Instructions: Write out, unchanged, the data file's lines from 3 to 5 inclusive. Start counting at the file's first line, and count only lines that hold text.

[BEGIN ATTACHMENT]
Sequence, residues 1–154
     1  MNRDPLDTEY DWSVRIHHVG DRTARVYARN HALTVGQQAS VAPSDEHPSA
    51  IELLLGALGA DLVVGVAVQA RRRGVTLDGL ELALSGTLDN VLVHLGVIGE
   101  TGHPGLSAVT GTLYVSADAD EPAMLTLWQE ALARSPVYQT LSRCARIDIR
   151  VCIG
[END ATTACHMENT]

    51  IELLLGALGA DLVVGVAVQA RRRGVTLDGL ELALSGTLDN VLVHLGVIGE
   101  TGHPGLSAVT GTLYVSADAD EPAMLTLWQE ALARSPVYQT LSRCARIDIR
   151  VCIG